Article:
Tomatoes are popular because, not only are they delicious, but they are relatively easy to grow and can be grown almost anyplace where there is a nice patch of full sun. You don't even have to have a big garden space to grow tomatoes; they can grow successfully anywhere you can fit a nice sized container - a deck, terrace, patio ... 
Just provide them with good soil, full sun, water, a stake for support, and a little food every so often and you will be rewarded with lots of tasty tomatoes.
Tomato Woes
Blight has devastated this tomato plant
A fungal blight has destroyed
this tomato plant
is one of the number one reasons for crop failure in tomatoes. Unusually cool, wet weather during the spring or early summer creates the perfect conditions for the proliferation of fungal and bacterial diseases that infect tomato crops. Two common diseases are listed below.
Late blight, a disease caused by the fungus Phytophthora infestans, can wipe out an entire crop of tomatoes in less that a week! This is the same fungal disease that devastated potato crops in Ireland causing the Irish potato famine in the 1850's. 
Early blight, which is caused by the fungus Alternaria solani, is one of the most common of the tomato diseases. It usually appears in mid summer after the fruit begins to set. Early blight is normally noticed when the lower, older leaves begin to yellow, then turn brown, and eventually die. If it is not controlled, the disease slowly progresses up the plant.
Tips for Preventing Disease
Many fungal diseases, including early blight, late blight, septoria leaf spot, and Fusarium and Verticillium wilts, can be minimized by following a few simple cultural practices.
  • The number one recommendation is to rotate your crops! Don't plant your tomatoes in the same location in the garden that they were planted last season (or where you had potatoes planted either). If your tomatoes were planted in a container and you experienced disease problems last season, get rid of that soil and start fresh with a good tomato soil mix.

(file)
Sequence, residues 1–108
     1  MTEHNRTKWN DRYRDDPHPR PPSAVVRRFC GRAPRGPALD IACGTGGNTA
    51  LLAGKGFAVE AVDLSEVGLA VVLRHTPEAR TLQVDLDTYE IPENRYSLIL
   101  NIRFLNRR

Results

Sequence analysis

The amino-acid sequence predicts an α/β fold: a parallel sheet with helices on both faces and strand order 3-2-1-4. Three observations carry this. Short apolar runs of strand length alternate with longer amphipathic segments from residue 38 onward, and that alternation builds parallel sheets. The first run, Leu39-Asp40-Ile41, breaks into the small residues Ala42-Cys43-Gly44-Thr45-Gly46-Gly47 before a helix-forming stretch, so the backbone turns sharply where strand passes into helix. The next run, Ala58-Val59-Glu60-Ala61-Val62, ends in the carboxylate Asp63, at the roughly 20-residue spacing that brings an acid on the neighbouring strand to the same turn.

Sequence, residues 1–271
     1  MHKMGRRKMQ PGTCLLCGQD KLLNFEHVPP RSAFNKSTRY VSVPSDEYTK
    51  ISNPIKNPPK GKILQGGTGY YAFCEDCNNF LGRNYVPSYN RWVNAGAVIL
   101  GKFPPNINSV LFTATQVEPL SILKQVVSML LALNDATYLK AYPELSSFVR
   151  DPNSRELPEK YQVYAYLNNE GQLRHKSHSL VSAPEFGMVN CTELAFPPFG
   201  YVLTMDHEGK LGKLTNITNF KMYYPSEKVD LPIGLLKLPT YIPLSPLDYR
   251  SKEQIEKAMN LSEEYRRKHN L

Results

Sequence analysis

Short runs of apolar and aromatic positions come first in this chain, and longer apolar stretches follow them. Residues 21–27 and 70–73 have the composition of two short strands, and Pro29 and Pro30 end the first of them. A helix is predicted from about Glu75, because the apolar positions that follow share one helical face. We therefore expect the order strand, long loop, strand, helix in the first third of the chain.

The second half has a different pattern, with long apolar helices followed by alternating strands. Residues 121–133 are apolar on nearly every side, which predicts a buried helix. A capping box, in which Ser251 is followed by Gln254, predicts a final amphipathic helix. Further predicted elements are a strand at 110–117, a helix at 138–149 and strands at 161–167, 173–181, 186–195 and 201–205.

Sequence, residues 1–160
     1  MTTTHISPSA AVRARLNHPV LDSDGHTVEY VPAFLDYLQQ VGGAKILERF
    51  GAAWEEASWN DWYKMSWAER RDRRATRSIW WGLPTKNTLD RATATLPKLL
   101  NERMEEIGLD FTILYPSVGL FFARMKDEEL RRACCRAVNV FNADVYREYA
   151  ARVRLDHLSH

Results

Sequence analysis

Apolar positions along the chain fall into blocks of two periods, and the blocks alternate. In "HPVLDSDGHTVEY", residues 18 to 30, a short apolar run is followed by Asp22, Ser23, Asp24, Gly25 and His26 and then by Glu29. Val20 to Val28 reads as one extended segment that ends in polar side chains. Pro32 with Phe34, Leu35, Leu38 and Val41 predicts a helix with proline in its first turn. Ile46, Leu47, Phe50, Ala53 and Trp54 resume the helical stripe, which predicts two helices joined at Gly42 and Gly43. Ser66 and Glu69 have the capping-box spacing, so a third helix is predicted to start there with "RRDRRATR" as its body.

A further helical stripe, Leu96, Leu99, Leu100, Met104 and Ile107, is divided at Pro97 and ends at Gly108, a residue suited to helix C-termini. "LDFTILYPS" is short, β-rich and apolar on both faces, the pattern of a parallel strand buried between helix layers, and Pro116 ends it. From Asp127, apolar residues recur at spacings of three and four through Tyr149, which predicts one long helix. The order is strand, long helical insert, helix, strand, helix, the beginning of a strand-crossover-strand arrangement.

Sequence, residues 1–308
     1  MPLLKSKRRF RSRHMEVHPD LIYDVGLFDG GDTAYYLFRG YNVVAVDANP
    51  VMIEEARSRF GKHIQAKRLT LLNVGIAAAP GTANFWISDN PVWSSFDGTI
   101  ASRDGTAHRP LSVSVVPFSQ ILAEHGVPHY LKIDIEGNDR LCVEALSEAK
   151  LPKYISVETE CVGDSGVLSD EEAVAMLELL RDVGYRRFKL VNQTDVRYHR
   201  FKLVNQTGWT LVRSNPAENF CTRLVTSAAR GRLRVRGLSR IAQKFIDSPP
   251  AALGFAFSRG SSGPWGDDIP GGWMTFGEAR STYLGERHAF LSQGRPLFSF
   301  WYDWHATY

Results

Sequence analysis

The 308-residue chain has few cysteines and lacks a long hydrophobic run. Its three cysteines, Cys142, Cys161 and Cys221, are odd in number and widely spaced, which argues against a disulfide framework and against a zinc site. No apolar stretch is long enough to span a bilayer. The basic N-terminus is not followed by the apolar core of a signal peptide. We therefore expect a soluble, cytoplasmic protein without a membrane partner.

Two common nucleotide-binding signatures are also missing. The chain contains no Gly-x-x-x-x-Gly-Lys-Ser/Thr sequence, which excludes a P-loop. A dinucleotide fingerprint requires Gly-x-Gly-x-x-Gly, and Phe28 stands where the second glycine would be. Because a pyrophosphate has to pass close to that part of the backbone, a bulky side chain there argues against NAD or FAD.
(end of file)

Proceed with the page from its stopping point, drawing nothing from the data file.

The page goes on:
• Select disease resistant tomatoes. Heirloom tomatoes, while very flavorful, are sometimes not as disease resistant as the hybrid varieties and are susceptible to anthracnose, verticillium, fusarium, and alternaria (early blight). Choose varieties with V, F, FF, N, A, and/or AA after the name.
  • Allow plenty of space for each tomato plant. Wide spacing allows more air circulation and reduces disease problems.
  • Mulched tomato plants
    mulched with composted leaves
    Healthy, robust plants
    are better able to withstand disease - liquid feed your tomatoes with Monterey Bloom & Root Plant Food according to the label directions.
  • Mulching your tomato plants with 2"-3" of pine needles or another type of mulch will help reduce the incidence of fungal diseases by preventing soil (which is laden with fungal spores) from splashing up onto the foliage.
  • tomato trellises
    tomato trellises
    Staking or caging your tomato plants will keep them off the ground and also less exposed to these soil borne pathogens.
  • Keep a careful watch on your tomato plants and remove and destroy lower branches that are yellowing or turning brown.
  • To combat fungal diseases, alternate spraying every two weeks with Bonide Liquid Copper fungicide and either Bonide Mancozeb or Bonide Fung-onil. Always read and follow the label directions.
  • Blossom end rot
    Blossom end rot
    Watch for signs of blossom end rot
    on your tomatoes. Blossom end rot is caused by a lack of calcium uptake in tomato plants which is exacerbated by dry soil conditions. Mulching with pine mulch helps retain moisture and also helps maintain an even level of soil moisture.
    • If you notice blossom end rot, spray with Bonide Rot-Stop Tomato Blossom End Rot according to the label directions. This can also be applied to cucumbers, melons, and peppers.
Join Mark Viette at Augusta Co-Op!
Saturday, May 2nd from 9 AM to 1 PM 
& Garden Answer Day at Augusta Co-Op
Mark Viette in the garden
Staunton, VA Store 
Bring all your lawn and garden questions 

Mark will be available to answer all your lawn and garden questions. 

  • Bring your questions!
  • Bring some samples of problems you are having with your trees, shrubs, or perennials.
  • Bring samples of weeds or insect pests you are having trouble controlling.

Mark will do his best to provide you with simple solutions.

Augusta Co-Op, Staunton is located at:      

1205B Richmond Road, Staunton 

(540) 908-5649 

Did You Know?
Hummingbirds - Flying Jewels  

This tip compliments of Augusta Co-Op 


While setting up your gardens and bird feeders this year, don't forget about the hummingbirds!


Male ruby-throated hummingbird
A male Ruby-Throated Hummingbird hovers over a feeder.
Hummingbirds are a delight to have in the garden and a great way to attract them is to incorporate some of their favorite nectar plants into your landscape. Since hummingbirds forage by sight rather than scent, good hummingbird plants are those that have large colorful flowers with an abundance of nectar. Some of their favorites are azaleas, butterfly bushes, mimosas, trumpet creeper, honeysuckle, lupines, impatiens, petunias, salvia, columbine, and hostas.